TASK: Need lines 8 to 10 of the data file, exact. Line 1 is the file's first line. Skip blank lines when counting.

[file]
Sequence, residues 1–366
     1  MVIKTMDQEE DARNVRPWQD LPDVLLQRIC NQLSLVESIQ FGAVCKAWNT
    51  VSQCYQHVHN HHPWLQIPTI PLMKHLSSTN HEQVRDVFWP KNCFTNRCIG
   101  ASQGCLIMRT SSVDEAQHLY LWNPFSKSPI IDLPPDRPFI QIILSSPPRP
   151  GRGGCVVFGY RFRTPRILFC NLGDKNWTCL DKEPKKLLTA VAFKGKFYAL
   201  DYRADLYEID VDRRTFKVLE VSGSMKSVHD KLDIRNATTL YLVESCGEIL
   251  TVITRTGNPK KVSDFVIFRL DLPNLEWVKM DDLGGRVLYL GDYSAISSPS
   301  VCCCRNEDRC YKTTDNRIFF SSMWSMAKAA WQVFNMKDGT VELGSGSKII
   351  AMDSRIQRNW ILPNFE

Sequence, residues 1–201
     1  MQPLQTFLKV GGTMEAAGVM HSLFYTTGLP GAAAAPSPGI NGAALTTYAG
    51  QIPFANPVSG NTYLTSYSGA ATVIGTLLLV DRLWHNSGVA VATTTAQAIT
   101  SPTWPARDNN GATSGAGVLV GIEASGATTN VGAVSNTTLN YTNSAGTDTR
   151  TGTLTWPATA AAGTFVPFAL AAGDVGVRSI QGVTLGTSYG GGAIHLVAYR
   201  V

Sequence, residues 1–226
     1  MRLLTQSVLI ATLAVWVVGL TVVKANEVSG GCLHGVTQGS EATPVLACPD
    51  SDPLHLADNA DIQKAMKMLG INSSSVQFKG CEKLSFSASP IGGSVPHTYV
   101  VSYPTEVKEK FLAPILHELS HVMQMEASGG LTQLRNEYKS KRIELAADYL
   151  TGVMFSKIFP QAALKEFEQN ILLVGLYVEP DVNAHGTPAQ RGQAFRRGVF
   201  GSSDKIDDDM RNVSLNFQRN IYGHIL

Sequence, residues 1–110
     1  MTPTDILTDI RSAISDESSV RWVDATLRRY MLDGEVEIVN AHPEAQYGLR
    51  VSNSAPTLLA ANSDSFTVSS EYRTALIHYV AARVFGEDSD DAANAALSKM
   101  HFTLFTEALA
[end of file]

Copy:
   301  VCCCRNEDRC YKTTDNRIFF SSMWSMAKAA WQVFNMKDGT VELGSGSKII
   351  AMDSRIQRNW ILPNFE

Sequence, residues 1–201